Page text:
Résumé | Extrait
This dissertation presents data from an archaeological survey and oral history project conducted on Nelson Island (Alaska) in 1983 and 1984. Located in western Alaska along the Bering Sea coast and geographically isolated, the Qaluyaarmiut (Yupiit of Qaluyaaq) of Nelson Island, continued a traditional way of life well into the 20th century. During the 1900s and 1910s, they lived in underground sod houses, they seasonally migrated between villages and camps, travelling by kayak, skin boat, and dogsled, and they fished and hunted the open streams and the Bering Sea coast to provide a living for their families. This dissertation discusses 47 habitation sites and the oral histories associated with the settlements, which include 84 taped interviews with 43 Nelson Island Yupiit elders. Specifically, it focuses on the traditional seasonal settlement patterns of the Nelson Island Yupiit and the variables affecting the types of settlements and the resources used. The oral histories give additional information that goes beyond what archaeology alone can provide.
This descriptive case study explores Inuit visions for schooling in a remote community in the Qikiqtani (formerly Baffin) Region of Nunavut. I use information from interviews, casual conversations, observations, and a review of the literature on minority and cross-cultural education to describe what participants want, discuss obstacles to student learning, and suggest ways to improve schooling in Nunavut. The research critically examines power relations and is meant to help explain change. Data came primarily from semi-structured interviews with 74 Inuit adults, and were contextualised by two years of teaching Grade 7 in this community in the late 1990s. Findings echo descriptions of what Inuit participants wanted from schooling during the Sivuniksamut Ilinniarniq consultations and the Nunavut Education Act consultations. Participants supported schooling and wanted an increase in Inuit knowledge and skills taught in (and outside) the schools. In the schools, they wanted an increase in, or strengthening of, Inuktitut, meaningful inclusion of elders, and higher academic standards. Participants described a number of obstacles to student achievement, and no one theory can explain the failings of Nunavut schools. Many concerns identified in the literature on schools that underserve Aboriginal and minority students are discussed. These include culturally incongruent pedagogy, a weak connection between school and work, prejudice from non-Inuit, and disempowering relations between the school system and the community. Eurocentric thinking in the schools, the school system, and Canada continues to block the creation of schools that work for Inuit. The Government of Canada must provide funding to help transform Nunavut schooling into a system based on Inuit culture. The Nunavut Department of Education must work with Inuit educators to implement the changes called for in the Bilingual Education Strategy. As long as non-Inuit educators are needed in Nunavut, District Education authorities should prioritise hiring of people who are willing to examine their own Eurocentrism.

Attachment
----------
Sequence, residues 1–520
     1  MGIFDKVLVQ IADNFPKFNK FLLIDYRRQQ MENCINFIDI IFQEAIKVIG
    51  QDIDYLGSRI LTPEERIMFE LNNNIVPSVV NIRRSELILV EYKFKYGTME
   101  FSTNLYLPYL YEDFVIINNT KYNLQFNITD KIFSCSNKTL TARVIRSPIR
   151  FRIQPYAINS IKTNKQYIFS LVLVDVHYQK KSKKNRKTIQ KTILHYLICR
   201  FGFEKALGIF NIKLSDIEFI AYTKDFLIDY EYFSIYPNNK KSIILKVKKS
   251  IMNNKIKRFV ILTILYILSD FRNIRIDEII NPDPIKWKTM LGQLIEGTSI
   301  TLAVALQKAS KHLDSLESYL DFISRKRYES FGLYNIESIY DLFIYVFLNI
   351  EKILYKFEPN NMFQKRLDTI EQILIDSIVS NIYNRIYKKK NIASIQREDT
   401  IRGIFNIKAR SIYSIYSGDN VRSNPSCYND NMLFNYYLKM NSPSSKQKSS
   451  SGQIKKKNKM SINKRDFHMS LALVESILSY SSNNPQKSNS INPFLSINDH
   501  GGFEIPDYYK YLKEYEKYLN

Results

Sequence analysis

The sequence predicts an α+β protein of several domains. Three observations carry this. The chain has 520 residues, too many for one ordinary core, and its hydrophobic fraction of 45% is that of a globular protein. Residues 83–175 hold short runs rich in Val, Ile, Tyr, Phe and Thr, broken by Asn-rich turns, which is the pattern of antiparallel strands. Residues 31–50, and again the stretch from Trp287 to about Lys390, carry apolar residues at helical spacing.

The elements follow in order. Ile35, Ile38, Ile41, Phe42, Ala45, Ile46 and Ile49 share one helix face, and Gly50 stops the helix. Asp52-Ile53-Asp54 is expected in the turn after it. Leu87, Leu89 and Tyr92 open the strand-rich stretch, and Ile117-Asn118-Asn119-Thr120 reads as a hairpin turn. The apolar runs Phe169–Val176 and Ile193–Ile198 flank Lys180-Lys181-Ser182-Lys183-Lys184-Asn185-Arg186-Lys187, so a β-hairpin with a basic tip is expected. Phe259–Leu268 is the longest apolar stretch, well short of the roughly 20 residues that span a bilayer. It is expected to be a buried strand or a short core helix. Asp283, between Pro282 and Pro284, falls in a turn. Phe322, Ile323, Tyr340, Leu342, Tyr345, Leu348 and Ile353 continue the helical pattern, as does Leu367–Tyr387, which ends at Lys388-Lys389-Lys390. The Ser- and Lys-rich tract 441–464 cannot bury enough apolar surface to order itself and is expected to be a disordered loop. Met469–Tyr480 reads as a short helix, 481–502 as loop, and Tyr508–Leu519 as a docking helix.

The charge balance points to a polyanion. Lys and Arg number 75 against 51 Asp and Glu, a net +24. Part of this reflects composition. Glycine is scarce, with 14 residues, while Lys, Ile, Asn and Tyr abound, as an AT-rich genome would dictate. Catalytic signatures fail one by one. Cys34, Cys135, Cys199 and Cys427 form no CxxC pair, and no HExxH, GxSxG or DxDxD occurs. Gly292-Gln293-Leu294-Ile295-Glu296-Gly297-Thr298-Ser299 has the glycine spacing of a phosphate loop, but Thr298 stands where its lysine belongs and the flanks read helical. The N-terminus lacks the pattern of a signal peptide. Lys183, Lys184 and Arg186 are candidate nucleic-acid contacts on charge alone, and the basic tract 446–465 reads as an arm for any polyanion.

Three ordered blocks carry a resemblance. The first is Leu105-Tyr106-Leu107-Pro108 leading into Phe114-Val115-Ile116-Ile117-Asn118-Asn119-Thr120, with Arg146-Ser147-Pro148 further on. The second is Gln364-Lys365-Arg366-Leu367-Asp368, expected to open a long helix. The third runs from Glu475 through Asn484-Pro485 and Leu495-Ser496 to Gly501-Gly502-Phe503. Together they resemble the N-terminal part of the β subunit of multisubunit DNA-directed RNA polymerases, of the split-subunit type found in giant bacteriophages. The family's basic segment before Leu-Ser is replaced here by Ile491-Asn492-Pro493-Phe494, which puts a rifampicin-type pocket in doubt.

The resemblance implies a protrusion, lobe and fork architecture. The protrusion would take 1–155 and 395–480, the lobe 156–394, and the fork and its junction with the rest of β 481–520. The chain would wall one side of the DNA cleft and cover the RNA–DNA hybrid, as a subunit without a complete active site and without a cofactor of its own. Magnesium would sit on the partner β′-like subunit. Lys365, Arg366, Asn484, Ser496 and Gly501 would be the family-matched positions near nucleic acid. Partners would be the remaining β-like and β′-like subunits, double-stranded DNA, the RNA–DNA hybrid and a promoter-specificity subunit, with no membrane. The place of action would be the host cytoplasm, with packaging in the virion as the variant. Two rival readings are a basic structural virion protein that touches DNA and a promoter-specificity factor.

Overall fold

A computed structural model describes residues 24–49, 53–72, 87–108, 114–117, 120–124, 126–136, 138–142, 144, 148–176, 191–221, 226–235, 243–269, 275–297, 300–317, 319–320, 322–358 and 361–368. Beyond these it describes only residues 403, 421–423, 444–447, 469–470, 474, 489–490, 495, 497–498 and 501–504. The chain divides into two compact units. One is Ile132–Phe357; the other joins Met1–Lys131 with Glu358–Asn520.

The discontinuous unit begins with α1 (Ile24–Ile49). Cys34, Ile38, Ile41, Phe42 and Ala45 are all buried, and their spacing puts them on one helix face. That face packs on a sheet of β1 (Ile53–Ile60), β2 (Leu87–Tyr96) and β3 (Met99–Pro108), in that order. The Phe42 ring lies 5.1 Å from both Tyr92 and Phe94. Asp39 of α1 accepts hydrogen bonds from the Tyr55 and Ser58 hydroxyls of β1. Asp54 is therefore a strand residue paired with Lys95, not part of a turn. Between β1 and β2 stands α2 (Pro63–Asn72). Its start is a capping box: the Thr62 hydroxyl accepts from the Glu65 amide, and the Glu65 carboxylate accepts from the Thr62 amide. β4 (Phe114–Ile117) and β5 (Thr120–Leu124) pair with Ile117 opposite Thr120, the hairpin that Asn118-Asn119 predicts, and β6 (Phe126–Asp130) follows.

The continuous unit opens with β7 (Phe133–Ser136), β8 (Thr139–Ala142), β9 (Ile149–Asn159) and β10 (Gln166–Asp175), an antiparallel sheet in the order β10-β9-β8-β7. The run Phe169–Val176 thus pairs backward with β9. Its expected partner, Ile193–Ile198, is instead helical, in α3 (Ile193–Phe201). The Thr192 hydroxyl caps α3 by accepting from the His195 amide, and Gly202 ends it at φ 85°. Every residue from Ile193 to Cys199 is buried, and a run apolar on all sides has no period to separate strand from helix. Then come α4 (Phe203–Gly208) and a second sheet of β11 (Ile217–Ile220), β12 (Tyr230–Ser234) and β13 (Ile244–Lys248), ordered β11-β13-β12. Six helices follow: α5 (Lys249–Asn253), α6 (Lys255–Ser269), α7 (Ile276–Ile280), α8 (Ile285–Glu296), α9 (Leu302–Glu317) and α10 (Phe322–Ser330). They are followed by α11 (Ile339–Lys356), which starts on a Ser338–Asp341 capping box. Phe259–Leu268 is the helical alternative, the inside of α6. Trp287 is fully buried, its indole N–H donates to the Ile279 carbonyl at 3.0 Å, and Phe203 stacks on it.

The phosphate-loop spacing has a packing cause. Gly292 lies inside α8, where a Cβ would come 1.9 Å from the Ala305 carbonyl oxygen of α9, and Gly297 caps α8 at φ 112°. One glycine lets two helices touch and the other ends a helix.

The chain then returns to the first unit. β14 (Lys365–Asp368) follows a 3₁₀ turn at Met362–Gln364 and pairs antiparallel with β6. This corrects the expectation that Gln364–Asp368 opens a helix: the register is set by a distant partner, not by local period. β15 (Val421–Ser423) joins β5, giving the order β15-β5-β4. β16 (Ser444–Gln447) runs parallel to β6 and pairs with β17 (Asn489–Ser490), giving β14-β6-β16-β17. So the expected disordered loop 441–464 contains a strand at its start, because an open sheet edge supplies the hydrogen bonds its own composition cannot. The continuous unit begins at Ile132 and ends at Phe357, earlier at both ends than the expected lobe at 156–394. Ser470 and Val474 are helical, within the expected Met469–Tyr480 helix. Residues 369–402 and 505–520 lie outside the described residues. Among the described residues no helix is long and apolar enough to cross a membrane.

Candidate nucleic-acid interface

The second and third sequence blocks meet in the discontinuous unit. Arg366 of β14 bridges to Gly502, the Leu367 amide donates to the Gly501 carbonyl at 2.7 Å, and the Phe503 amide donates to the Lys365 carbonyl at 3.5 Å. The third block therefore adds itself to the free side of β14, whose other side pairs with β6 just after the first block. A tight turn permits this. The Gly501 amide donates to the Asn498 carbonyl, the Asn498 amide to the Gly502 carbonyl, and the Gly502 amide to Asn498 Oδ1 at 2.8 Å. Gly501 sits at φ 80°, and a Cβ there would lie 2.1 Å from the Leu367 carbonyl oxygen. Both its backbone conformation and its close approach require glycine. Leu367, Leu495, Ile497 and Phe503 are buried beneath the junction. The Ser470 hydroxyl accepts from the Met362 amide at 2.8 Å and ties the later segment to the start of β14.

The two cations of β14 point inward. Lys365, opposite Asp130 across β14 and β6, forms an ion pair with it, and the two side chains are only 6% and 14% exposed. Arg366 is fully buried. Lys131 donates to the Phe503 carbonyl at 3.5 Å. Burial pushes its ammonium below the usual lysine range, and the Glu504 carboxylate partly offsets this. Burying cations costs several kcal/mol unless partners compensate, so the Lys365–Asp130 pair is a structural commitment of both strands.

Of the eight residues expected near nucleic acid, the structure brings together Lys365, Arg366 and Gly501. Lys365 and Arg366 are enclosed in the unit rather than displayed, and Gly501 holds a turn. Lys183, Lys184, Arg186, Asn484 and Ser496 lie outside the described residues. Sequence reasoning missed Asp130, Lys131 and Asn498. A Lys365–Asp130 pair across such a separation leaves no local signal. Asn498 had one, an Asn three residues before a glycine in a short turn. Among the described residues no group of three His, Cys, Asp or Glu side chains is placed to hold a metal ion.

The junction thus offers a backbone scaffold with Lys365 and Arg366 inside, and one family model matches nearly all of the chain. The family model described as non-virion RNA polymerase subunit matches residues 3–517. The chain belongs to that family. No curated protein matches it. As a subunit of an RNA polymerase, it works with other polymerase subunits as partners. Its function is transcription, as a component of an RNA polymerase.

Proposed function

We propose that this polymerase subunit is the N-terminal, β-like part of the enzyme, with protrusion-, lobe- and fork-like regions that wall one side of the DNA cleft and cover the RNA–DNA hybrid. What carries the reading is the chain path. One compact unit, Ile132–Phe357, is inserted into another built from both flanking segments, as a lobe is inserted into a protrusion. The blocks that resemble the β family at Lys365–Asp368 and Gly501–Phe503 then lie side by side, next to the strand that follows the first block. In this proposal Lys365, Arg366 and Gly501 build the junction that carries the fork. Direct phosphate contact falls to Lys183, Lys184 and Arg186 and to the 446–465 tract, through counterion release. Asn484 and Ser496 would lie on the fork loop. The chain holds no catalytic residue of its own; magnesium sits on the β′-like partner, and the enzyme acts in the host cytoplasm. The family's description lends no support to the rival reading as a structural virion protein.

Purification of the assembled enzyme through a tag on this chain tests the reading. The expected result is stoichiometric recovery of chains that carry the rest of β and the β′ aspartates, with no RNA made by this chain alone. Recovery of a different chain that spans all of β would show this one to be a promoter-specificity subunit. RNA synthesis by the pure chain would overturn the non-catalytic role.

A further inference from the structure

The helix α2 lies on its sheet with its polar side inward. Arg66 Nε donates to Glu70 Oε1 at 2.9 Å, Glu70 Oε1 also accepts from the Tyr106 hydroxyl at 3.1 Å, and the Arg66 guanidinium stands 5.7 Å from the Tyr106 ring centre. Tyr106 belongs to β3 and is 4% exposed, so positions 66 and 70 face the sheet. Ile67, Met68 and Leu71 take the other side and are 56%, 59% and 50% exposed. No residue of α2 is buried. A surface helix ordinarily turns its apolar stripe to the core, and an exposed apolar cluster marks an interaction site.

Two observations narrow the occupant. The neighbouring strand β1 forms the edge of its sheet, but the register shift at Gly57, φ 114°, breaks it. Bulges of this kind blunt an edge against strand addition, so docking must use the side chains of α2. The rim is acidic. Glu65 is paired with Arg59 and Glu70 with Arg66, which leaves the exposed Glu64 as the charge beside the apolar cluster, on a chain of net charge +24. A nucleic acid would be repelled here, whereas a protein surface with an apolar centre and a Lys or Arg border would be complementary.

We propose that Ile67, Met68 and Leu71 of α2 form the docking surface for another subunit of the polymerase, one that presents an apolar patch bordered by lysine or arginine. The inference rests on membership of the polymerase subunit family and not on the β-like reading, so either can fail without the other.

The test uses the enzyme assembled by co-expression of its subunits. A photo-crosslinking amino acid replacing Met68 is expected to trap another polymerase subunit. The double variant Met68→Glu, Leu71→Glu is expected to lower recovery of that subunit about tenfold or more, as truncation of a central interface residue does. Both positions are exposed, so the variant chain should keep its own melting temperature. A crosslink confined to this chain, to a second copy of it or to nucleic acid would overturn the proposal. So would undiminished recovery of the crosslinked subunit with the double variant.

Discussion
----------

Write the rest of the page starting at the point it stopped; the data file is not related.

This thesis examines the influence of fur trade technology on the adult learning process of five Inuvialuit ancestors who traded at Cape Krusenstern (Nuvuk), NWT (now Nunavut), one of 51 Coronation Gulf-Holman trading sites operating from 1935 to 1947. Cape Krusenstern Inuvialuit lived in semi-permanent family-based camps near caribou-crossing areas and good fishing lakes or rivers. They left their camps from April to October, travelling inland while caching food along the way for future needs. These journeys were characterised by individual adult learning of subsistence living skills. Having added fur trapping to their subsistence practices in the 1920s, the Inuvialuit set up lengthy traplines to catch predominantly white fox. Abandoning their traditional practice of December to March gatherings, they gathered at trading-mission centres for shorter periods (Christmas, Easter). There, under the direction of elders and through traditional ways of knowing (non-verbal, intuitive, reflective, spiritual, and using present time and spatial memory), Inuvialuit participated in both individual and collective adult learning to develop community and cultural ties.
|Titre :||Thèses / Dissertations|
|Revue :||Études/Inuit/Studies, Volume 33, numéro 1-2, 2009, p. 283-293|
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